Earlier today, John McCain delivered a speech on the Iraq war at Virginia Military Institute. It was an excellent, hard-hitting speech. You can read it all here; these are a few key paragraphs:
After my first visit to Iraq in 2003, I argued for more troops. I took issue with statements characterizing the insurgency as a few ‘dead-enders’ or being in its ‘last throes.’ I criticized the search and destroy strategy and argued for a counter-insurgency approach that separated the reconcilable population from the irreconcilable. That is the course now followed by General Petraeus, and the brave Americans and coalition troops he has the honor to command.
It is the right strategy. General Petraeus literally wrote the book on counter insurgency. He is a determined, resourceful and bold commander. Our troops, many of whom have served multiple tours in Iraq, are performing with great skill and bravery. But the hour is late and, despite the developments I just described, we should have no illusion that success is certain. But having been a critic of the way this war was fought and a proponent of the very strategy now being followed, it is my obligation to encourage Americans to give it a chance to succeed. To do otherwise would be contrary to the interests of my country and dishonorable.
McCain was unsparing in his criticisms of Congressional Democrats:
What struck me upon my return from Baghdad is the enormous gulf between the harsh but hopeful realities in Iraq, where politics is for many a matter of life and death, and the fanciful and self-interested debates about Iraq that substitute for statesmanship in Washington. In Iraq, American and Iraqi soldiers risk everything to hold the country together, to prevent it from becoming a terrorist sanctuary and the region from descending into the dangerous chaos of a widening war. In Washington, where political calculation seems to trump all other considerations, Democrats in Congress and their leading candidates for President, heedless of the terrible consequences of our failure, unanimously confirmed our new commander, and then insisted he be prevented from taking the action he believes necessary to safeguard our country’s interests. In Iraq, hope is a fragile thing, but all the more admirable for the courage and sacrifice necessary to nurture it. In Washington, cynicism appears to be the quality most prized by those who accept defeat but not the responsibility for its consequences.
Before I left for Iraq, I watched with regret as the House of Representatives voted to deny our troops the support necessary to carry out their new mission. Democratic leaders smiled and cheered as the last votes were counted. What were they celebrating? Defeat? Surrender? In Iraq, only our enemies were cheering.
After the VMI speech, McCain did a conference call with bloggers, in which I was able to participate. McCain, talking about the war, is deeply impressive. I didn’t think much of the “straight talk express” back in 2000, but in today’s conference call, McCain was strikingly blunt and candid.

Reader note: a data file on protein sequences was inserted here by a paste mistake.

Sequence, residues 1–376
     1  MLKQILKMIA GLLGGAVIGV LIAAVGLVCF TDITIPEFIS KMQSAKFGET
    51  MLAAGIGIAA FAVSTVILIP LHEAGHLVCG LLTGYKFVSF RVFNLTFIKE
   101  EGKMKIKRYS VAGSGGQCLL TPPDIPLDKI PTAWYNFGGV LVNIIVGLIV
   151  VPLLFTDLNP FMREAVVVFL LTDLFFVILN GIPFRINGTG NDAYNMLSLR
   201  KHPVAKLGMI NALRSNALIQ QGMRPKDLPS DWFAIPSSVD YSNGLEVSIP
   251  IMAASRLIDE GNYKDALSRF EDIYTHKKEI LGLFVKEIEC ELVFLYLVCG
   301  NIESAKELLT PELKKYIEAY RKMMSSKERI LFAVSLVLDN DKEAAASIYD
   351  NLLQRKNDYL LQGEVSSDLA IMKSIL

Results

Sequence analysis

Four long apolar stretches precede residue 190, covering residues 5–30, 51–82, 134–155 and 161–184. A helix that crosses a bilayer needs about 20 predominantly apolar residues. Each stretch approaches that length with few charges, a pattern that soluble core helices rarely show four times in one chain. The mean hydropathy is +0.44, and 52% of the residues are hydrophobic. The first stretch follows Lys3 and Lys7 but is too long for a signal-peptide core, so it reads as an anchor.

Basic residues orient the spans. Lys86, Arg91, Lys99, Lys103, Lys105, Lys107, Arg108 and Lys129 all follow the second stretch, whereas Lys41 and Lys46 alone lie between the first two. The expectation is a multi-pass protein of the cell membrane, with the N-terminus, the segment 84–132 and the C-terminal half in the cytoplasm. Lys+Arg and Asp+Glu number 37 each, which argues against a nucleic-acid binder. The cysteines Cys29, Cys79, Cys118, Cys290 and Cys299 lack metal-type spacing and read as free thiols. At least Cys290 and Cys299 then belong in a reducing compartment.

While McCain lays out the evidence that the surge is showing signs of progress, he is careful not to over-sell a “rosy scenario.” He is harshly critical of the Bush administration’s handling of the war from 2003 until the recent change in strategy, not least because it failed to acknowledge the true scope of the difficulties we faced in Iraq. McCain is Churchillian in his recitation of the dangers we face and the difficulty of the task ahead.
McCain was also blunt in his assessment of the Pentagon’s performance in Iraq. During the question period, I said that it seemed to be taking a long time to get all of the personnel contemplated for the surge into the fight; I asked whether that perception is right, and if so, why. McCain agreed that it is taking a long time, in part because of a “lack of a sense of urgency” in the Pentagon. Further, the delay is caused by the fact that our military is too small–a third smaller than at the time of the Gulf War, which he views as a “Rumsfeld legacy.”
Of course, bashing the Pentagon is a time-honored tradition. But McCain was no more sparing of the generals who preceded Gen. Petraeus. He noted that he voted against confirming General Casey as the Army’s Chief of Staff and said, of the generals who commanded during the first four years of the war, that “history will judge them very harshly.”
There was lots more, all of it consistent in tone with the VMI speech. The major Republican candidates are all strong on the war against Islamic extremism. But on that issue, no one can match McCain’s passion or credibility. You really do get the sense that he is willing to make this battle, on behalf of the young men and women who are fighting and have fought in Iraq and Afghanistan, the last act of his career, if that is what it comes to. At one point in our conference call he was asked how he thought his position on the war was impacting his political prospects. His answer included the words, “I don’t know and I don’t care.”
We are living through a depressing political season, in which craven political calculation routinely trumps concern for national security, and many on the left openly cheer for defeat. In this environment, John McCain has flung down the gauntlet on behalf of victory, and we applaud him for it.
To comment on this post, go here.